AIDS becomes China's deadliest infectious disease

Feb 18, 2009

(AP) -- AIDS was the top killer among infectious diseases in China for the first time last year, with 6,897 people dying in the nine months through September, a state news agency said.



Content from The Associated Press expires 15 days after original publication date. For more information about The Associated Press, please visit www.ap.org .

Explore further: Bacterial communities of female genital tract have impact on inflammation, HIV risk

Related Stories

3-D printers to make human body parts? It's happening

Feb 04, 2015

It sounds like something from a science fiction plot: So-called three-dimensional printers are being used to fashion prosthetic arms and hands, jaw bones, spinal-cord implants - and one day perhaps even living human body ...

Using viruses to find the cellular Achilles heel

Jan 22, 2015

Back-to-back studies from researchers at the Gladstone Institutes have exposed new battle tactics employed by two deadly viruses: hepatitis C (HCV) and the Kaposi's sarcoma-associated herpesvirus (KSHV). Published in the ...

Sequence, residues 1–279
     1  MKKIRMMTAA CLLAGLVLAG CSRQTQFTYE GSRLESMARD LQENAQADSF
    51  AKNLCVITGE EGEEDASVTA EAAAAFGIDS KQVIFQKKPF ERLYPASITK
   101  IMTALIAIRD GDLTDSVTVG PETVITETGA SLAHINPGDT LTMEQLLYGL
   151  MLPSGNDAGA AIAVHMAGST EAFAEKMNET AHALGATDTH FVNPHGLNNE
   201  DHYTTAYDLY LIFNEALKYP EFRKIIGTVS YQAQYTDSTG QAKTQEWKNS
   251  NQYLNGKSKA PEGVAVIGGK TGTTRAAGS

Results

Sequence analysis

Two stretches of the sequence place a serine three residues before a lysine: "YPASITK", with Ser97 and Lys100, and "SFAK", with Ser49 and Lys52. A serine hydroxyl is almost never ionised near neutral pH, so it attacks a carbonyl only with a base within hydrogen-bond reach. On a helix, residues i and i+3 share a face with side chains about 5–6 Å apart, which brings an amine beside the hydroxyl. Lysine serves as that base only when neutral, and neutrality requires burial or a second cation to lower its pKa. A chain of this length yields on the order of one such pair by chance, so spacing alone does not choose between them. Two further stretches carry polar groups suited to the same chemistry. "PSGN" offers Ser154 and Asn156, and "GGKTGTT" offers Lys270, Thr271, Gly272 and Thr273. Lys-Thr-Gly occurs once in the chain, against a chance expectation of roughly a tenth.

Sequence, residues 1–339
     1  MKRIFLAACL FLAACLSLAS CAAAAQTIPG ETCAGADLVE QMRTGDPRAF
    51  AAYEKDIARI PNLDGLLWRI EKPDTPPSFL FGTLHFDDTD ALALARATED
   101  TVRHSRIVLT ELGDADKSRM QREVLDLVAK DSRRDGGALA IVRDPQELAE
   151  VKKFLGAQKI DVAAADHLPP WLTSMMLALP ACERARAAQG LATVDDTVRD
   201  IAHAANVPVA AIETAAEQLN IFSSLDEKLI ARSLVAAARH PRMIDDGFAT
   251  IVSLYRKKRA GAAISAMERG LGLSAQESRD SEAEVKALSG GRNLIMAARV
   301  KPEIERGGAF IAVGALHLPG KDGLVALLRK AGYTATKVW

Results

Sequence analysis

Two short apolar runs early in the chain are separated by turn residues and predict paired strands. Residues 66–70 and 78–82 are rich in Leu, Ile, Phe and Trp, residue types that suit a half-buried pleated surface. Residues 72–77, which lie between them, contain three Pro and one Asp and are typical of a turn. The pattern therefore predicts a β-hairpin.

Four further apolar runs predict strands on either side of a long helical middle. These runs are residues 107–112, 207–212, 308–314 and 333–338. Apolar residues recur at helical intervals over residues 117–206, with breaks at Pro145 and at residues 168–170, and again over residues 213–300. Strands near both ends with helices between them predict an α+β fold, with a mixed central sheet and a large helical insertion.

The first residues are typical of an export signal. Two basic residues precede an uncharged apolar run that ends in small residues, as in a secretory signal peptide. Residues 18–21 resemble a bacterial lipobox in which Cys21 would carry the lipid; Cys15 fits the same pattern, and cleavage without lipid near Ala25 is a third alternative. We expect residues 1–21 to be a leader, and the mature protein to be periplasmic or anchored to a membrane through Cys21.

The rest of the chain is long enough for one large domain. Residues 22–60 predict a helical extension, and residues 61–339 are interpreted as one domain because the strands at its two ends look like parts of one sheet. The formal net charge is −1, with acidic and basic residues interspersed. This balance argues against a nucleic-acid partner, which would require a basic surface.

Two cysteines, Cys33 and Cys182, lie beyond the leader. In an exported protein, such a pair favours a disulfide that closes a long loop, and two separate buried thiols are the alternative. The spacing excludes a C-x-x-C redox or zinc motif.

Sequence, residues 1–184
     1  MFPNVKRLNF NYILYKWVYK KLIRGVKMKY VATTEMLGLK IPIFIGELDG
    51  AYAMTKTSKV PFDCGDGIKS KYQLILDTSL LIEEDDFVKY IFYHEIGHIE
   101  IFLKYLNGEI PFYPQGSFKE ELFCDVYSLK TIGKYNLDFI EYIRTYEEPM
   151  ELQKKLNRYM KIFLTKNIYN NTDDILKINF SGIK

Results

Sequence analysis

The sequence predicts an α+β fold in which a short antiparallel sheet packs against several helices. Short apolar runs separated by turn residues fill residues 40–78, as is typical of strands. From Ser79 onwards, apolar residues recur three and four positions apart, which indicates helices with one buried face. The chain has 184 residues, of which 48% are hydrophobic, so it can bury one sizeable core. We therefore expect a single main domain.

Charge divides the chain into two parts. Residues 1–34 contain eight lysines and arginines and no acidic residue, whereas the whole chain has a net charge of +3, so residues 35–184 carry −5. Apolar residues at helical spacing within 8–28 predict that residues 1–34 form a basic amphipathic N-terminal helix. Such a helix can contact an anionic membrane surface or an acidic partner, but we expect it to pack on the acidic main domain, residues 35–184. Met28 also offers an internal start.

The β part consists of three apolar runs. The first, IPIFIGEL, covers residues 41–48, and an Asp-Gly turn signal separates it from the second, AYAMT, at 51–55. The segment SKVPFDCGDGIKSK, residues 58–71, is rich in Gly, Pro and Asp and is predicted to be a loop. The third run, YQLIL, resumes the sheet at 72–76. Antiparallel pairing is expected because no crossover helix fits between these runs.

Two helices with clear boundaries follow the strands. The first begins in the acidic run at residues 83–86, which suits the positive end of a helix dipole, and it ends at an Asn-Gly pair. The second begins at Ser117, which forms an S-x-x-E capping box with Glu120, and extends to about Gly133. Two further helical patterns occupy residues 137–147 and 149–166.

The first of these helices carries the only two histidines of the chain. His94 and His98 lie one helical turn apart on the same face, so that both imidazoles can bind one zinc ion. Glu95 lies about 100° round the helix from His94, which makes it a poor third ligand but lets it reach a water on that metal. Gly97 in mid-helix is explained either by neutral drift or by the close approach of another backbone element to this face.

Chinese gay dating app grows to 15 million users

Dec 01, 2014

By day, Ma Baoli was a high-ranking officer in a seaside city police force. By night, he ran a website for gay people to share experiences and on which he spoke under a pseudonym about the pressure he faced ...

Recommended for you

HIV reservoirs remain obstacles to cure

May 19, 2015

Antiretroviral therapy (ART) has proven lifesaving for people infected with HIV; however, the medications are a lifelong necessity for most HIV-infected individuals and present practical, logistical, economic ...

Microclinics help keep Kenyan HIV patients in care

May 18, 2015

A team led by researchers from UC San Francisco, Organic Health Response, and Microclinic International is reporting results of a study that showed significant benefits of microclinics—an innovative intervention ...

'Redesigned' antibodies may control HIV

May 18, 2015

With the help of a computer program called "Rosetta," researchers at Vanderbilt University have "redesigned" an antibody that has increased potency and can neutralize more strains of the AIDS-causing human ...

User comments : 0

Please sign in to add a comment. Registration is free, and takes less than a minute. Read more

Click here to reset your password.
Sign in to get notified via email when new comments are made.